As he climbed up to the command platform that gave him a view of the room full of screens, monitors and men, Gene Kranz donned his lucky white vest. He would need it.
Engineers in short-sleeved shirts and skinny black ties reported in with a brisk cadence that they were good to go. Apollo 13 was ready for lift-off.
By now we all know the story, wonderfully told in Ron Howard’s 1995 movie. Soon after they reached orbit, the astronauts stirred the oxygen tanks and something went horribly wrong. Jim Lovell would not walk on the moon as he had dreamed. It was doubtful he would walk on the earth again.
One of the most compelling elements of the story was watching Gene Kranz’s team of men with diverse but interconnected skills come together to solve a problem for which they had never trained or prepared. Power had to be conserved. The air onboard had to be cleaned by rigging a square filter to fit into a round hole. A manual burn to alter the trajectory of the craft had to be carefully managed. It took every bit of knowledge from the team in Houston to get the three men in orbit back home.
Complex tasks require specialized skills.
It would be ludicrous to suggest a comparison in complexity between putting someone on the moon and getting a claim paid for a physician’s office visit. The former has happened 12 times, ever; the latter occurs about 1.2 billion times a year. Tom Hanks is not likely to be asked to star in a movie about the high drama of processing EDI rejects from the claims clearinghouse anytime soon.
But there is no doubt that the physician revenue cycle has grown exceedingly more complex in recent years. Payer consolidation, the increasing role of technology, and an ever growing list of compliance requirements have made billing more challenging. As with space flight, complexity demands more scope and depth of skills.
In the first post in this series, we outlined why the ability to make capital investments in RCM technology creates an advantage for the outsourcer; the ability to hire specialized talent necessary to maximize all parts of the revenue cycle is another.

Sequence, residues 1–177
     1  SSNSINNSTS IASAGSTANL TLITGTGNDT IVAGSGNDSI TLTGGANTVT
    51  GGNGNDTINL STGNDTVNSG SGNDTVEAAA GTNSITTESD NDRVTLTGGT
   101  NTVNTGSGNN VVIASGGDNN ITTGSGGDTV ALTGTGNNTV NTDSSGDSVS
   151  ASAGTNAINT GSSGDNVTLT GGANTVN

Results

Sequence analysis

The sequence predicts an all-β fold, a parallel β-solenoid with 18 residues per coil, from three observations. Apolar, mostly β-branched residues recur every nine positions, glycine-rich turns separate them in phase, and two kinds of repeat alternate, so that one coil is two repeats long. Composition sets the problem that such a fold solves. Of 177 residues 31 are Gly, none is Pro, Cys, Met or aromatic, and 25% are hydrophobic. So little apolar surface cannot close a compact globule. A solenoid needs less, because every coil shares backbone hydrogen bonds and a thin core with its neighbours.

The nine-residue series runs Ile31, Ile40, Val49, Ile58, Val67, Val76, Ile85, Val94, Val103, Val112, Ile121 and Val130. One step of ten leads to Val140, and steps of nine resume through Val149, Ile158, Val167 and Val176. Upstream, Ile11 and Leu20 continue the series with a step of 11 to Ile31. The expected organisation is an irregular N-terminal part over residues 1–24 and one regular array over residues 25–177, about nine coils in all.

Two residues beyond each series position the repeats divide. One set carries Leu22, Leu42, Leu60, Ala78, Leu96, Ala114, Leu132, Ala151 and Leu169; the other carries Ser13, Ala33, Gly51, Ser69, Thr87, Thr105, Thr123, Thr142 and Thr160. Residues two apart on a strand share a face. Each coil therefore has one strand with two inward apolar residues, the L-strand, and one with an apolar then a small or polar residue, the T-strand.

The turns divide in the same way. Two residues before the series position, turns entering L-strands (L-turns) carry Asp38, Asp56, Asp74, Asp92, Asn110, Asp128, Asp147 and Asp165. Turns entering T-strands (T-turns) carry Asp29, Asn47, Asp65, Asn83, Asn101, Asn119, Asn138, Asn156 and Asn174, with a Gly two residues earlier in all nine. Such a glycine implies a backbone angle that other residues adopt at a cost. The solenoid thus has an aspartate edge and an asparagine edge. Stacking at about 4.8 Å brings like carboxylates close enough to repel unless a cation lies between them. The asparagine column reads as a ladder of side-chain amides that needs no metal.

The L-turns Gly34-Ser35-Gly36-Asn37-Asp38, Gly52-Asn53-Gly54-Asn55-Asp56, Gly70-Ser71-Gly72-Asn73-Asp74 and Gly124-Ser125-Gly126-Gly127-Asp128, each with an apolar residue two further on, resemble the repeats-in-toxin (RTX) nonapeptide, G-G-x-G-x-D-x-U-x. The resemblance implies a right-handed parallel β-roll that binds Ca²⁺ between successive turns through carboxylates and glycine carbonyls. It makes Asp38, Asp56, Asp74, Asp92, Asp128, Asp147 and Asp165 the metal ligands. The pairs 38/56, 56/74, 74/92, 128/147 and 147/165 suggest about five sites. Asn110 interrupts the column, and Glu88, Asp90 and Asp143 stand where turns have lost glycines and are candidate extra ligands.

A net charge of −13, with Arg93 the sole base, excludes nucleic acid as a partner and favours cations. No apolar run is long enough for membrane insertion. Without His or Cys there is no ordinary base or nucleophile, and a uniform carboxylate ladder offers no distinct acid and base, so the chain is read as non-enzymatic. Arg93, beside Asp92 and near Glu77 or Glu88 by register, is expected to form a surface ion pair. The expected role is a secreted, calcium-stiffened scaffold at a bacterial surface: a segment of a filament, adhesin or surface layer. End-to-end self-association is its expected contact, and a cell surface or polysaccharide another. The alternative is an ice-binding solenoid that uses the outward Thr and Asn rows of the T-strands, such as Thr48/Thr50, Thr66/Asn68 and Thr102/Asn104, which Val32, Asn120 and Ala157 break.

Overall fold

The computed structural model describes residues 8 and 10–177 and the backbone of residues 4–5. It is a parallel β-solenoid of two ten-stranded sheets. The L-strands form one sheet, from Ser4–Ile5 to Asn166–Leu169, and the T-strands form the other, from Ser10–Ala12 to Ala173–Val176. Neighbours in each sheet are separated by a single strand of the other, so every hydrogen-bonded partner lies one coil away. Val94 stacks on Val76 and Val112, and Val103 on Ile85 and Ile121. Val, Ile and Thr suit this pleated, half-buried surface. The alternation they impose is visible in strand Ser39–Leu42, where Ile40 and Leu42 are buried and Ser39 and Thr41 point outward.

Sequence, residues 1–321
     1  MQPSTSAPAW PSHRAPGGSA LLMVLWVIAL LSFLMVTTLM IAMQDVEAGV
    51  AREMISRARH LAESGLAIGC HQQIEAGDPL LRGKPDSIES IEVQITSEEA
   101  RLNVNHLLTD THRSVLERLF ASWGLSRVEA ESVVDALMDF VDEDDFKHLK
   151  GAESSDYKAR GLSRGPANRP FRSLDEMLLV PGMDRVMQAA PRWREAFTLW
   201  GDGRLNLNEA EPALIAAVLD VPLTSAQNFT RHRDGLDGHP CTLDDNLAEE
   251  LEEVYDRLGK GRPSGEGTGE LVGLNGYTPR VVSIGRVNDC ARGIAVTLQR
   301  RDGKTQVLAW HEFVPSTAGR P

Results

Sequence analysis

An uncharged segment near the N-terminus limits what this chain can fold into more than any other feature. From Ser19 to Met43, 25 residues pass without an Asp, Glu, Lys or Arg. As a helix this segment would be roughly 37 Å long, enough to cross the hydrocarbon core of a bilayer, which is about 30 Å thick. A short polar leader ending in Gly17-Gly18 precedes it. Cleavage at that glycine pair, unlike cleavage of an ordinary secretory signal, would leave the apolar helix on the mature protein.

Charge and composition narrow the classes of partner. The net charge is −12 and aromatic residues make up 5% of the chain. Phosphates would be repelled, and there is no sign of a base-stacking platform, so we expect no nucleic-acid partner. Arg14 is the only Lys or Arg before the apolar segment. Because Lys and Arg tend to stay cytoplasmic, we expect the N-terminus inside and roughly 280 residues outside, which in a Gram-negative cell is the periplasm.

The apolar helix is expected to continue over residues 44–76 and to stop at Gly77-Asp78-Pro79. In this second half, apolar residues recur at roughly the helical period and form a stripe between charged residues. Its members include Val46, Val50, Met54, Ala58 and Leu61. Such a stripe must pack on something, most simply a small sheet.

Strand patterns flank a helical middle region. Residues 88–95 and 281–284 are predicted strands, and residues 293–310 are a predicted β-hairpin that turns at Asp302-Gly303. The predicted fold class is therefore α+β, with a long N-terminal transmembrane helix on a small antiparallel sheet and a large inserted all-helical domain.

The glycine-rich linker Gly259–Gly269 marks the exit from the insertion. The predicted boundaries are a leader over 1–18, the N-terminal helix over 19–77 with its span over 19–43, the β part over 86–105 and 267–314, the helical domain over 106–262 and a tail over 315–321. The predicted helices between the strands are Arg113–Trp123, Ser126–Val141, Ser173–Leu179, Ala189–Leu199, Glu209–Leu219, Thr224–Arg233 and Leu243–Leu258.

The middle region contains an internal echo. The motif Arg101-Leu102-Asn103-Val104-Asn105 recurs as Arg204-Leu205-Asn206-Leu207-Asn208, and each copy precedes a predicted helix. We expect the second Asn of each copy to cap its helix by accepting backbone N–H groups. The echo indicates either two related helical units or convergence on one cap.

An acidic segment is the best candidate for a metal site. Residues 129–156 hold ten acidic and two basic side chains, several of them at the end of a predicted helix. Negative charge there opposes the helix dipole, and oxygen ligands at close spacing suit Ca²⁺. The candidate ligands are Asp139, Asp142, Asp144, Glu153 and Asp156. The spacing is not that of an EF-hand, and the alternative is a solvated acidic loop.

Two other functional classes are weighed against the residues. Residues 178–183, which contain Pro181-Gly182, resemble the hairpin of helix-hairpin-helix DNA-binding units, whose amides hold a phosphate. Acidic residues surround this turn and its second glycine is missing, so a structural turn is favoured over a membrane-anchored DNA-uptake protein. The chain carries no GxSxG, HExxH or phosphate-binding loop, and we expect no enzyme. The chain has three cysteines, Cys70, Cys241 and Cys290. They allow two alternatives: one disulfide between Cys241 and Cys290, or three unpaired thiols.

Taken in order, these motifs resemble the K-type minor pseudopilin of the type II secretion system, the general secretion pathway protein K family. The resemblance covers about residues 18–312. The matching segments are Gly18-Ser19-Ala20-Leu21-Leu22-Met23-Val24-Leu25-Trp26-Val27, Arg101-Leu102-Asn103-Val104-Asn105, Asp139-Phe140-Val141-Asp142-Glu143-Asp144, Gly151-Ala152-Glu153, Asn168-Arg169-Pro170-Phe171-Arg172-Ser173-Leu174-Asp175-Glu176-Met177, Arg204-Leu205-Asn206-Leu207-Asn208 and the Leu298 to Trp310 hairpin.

In the not too distant past, all of the people working in the revenue cycle were lumped into one of two primary jobs: coders ascribing numbers to the claims on the front end, and billers on the back end entering data and dialing for dollars to get the claims paid.
How things have changed:
- Data entry is increasingly automated, eliminating much of the low-skill work. But now, managing the flow and reconciliation of large digital data files requires a higher level of capability.
- Technical resources are needed to integrate and support the multiple software platforms that touch the revenue cycle. Some of these technologies belong to the practice, but many reside outside, making technical integration more challenging.
- Retail-minded people who can handle the complicated discussion with patients about payment become critical as more of the total reimbursement moves from payers to consumers.
- EMR specialists must find ways to tighten the connection between the workflow and documentation on the clinical side of the house with what is required for billing.
- Contract analysts model the impact of various payment agreements, especially new value-based reimbursement schemes.
- Business intelligence experts who can make sense of all the data sit at the hub of it this process, directing traffic toward both opportunities and problems.
These people may not be NASA engineers, but are still an impressive collection of talent.
RCM outsourcing firms that enable physician practices to survive in the changing world of healthcare reimbursement are able to hire people with a wide range of specific skills. They can then allocate those people and their expertise across many clients. With your payment rules changing every day, you need Gene Kranz and the whole team in order to get your cash home. To learn more about how one of the largest pain management practices in the U.S. leveraged outsourcing and grew over 122% in four years, click here.